A List of Verbs
Finites and Non-finites

This list of verbs gives us all the possible finite verbs and verbals (non-finite verbs) that can be formed from a single verb to eat.

For self-learners of English grammar, help is needed in the form of tables and lists for ready reference. This list is one such resource. The end of this page explains why this list is useful.

A List of Finite Verbs
of the Verb "to eat"

The finite verb phrases may have as helping verbs either primary auxiliaries or modals. Finite verbs are those that are essential in a sentence and have to follow rules of subject-verb agreement and tense.

The Active Forms With Primary Auxiliaries
as Helping Verbs.

  • eat / eats - used in the simple present tense. (Both these verbs use the dummy primary auxiliary 'do' in negative and interrogative (question) sentences.)

  • am / is / are + eating - present continuous tense.
  • has / have + eaten - present perfect tense.
  • has / have + been + eating - present perfect continuous.
  • ate - simple past tense.
  • was / were + eating - past continuous.
  • had + eaten - past perfect.
  • had + been + eating - past perfect continuous.

The Passive Forms With Primary Auxiliaries
as Helping Verbs.

  • am /is / are + eaten - simple present.
  • am / is / are + being + eaten - present continuous.
  • has / have + been + eaten - present perfect.
  • was / were + eaten - simple past.
  • was / were + being + eaten - past continuous.
  • had + been + eaten - past perfect.

The Active Forms Using Modals
as Helping Verbs.

The modals are: can, could, may, might, must, shall, should, will, would, ought to, used to, dare (to), need (to).

In the examples below I have used shall / will to illustrate the finite verb phrases using modals.

Most of the modals above can replace shall / will in the phrases below to give us meaningful English.

  • shall / will + eat
  • shall / will + be + eating
  • shall / will + have + eaten
  • shall / will + have + been + eating

The Passive Forms Based on Modals
as Helping Verbs.

The passive forms are fewer than the active. Here too most of the other modals can replace shall / will.

  • shall / will + be + eaten
  • shall / will + have + been + eaten

A List of Non-finite Verbs (Verbals)

Infinitives, Gerunds and Participles are Non-Finite Verbs. They are not bound by rules of subject-verb agreement and tense.


to eat - infinitive
(as in 'He likes to eat slowly.')


eating - gerund
(as in 'Eating too much spoils your health.')


Three types of Participles...

  • eating - present participle
    (as in 'I saw him eating those mangoes.')

  • eaten - past participle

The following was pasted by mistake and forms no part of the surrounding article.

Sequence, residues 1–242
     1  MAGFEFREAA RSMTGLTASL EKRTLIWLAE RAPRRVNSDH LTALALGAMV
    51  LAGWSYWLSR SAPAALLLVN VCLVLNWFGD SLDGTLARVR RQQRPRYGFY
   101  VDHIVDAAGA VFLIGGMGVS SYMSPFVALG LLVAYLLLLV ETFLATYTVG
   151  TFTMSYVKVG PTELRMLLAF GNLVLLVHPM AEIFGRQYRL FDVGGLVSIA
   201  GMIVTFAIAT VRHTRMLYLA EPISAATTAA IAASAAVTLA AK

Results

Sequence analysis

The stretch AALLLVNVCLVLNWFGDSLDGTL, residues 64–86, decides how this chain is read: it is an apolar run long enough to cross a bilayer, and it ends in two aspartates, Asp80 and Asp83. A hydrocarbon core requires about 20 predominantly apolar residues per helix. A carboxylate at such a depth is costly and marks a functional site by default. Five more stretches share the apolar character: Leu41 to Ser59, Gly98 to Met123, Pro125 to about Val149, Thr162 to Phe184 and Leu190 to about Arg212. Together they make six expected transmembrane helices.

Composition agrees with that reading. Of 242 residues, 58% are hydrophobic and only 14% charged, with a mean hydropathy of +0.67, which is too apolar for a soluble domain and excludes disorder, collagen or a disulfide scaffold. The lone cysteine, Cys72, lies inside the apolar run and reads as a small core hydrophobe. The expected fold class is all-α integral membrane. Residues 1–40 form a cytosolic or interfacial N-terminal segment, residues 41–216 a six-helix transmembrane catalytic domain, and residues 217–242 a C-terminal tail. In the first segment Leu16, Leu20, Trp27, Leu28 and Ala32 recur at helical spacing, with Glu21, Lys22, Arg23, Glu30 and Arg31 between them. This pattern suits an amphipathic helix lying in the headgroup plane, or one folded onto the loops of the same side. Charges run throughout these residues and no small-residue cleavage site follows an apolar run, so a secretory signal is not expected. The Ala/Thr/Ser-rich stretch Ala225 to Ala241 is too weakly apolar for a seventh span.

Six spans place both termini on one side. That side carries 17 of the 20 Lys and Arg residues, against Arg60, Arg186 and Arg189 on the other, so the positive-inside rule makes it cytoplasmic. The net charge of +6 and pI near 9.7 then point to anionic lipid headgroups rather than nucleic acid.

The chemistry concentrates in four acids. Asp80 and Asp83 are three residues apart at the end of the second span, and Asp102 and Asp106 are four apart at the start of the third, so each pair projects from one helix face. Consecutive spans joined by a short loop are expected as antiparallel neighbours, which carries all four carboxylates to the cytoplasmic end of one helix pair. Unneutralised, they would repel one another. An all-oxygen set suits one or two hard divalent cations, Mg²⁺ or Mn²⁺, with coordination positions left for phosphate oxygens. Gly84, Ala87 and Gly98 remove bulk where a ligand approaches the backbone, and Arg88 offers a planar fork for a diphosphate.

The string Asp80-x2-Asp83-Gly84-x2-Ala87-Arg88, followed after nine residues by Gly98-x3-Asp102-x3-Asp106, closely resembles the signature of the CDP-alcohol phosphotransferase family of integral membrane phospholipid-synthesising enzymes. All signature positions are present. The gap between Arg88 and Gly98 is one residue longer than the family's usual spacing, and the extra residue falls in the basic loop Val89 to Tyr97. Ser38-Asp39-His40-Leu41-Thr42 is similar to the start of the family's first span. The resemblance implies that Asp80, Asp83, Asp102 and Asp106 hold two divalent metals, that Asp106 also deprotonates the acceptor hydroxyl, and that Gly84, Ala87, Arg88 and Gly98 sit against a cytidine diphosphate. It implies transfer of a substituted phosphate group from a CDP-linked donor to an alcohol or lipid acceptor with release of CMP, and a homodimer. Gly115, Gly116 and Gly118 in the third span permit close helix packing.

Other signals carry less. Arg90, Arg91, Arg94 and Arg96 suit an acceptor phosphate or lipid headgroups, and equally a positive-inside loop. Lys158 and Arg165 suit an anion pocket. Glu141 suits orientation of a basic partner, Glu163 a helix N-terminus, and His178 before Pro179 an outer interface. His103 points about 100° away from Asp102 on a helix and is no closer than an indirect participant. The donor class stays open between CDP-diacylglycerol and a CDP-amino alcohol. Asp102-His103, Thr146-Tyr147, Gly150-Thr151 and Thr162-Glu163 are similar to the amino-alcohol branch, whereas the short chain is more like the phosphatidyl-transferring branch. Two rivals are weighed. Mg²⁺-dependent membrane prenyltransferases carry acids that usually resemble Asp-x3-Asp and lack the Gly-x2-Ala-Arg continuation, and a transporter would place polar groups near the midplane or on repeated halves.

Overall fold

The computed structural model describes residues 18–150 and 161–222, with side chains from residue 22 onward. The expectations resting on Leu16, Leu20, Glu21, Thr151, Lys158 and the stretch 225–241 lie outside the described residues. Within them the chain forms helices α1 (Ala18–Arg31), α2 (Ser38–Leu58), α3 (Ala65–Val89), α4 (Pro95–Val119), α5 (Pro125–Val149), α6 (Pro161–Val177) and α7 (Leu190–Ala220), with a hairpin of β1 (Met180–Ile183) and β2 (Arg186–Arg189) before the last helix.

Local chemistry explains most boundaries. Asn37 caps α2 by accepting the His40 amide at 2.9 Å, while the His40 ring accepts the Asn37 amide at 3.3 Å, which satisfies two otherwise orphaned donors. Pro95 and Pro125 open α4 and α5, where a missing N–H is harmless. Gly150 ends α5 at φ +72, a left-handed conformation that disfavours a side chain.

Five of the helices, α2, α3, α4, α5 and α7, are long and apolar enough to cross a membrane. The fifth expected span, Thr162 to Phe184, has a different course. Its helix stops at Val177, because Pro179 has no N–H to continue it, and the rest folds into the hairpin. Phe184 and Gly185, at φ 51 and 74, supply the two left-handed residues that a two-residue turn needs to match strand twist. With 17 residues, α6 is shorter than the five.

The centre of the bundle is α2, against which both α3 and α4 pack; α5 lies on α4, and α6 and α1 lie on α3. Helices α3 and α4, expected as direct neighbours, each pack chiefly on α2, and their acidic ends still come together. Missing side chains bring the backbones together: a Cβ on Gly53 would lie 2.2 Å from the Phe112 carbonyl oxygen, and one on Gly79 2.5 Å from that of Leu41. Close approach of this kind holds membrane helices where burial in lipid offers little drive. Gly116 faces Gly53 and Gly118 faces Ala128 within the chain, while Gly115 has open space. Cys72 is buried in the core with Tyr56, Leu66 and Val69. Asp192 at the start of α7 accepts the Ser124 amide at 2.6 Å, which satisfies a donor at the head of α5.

(as in 'The sweets eaten just now are a gift from our neighbour.')

  • having eaten - perfect participle
    (as in 'Having eaten the sweets, we decided to send a thank-you note to our neighbour.')

How to Use This List of Verbs?

If you want to know whether the verb 'is writing' is finite or not, search for a similar form in the list. You will see 'is eating' listed as a finite verb. Therefore 'is writing' is a finite verb. If your verb was only 'writing', then it would be a non-finite verb (i.e. gerund or participle in this case).

The Usefulness of This List of Verbs

The List of Verbs, both Finite and Non-finite, is complete.

You will find this list useful for several reasons as you learn English grammar:

  1. Grammar learners sometimes write a non-finite verb in place of a finite verb, as in these examples of incorrect use:

    • *She singing a song. (*asterisk implies grammatically incorrect)
      Correct sentence is: She is/was singing a song.

    • *I seen the marks.
      Correct sentence is: I have/had seen the marks.

    This list of verbs will help those learning English to clearly recognize finite verbs as well as the non-finites (if any) in a sentence.

  2. Identifying the finite verb is necessary, because it is the essential verb in a sentence; non-finites are helpful but not essential for the existence of a sentence.

  3. The subject, object, indirect object, etc are built around the finite verb. The finite verb is like a nucleus of the clause or sentence.

  4. Knowing the exact words in a finite verb phrase helps us to correctly identify the operator (i.e. the first word of a finite verb phrase). This is required because the construction of negative and interrogative (question) sentences have something important to do with the operator.

For Further Reading and Study...

Related Pages

The Study of Verbs

What is a Verb?

List of Verbs

Principal Parts of Verbs

Types of Verbs

Finite Verbs

Non-Finites (Verbals)

Transitive Verbs

Helping Verbs

Verb Tenses

Subject-Verb Agreement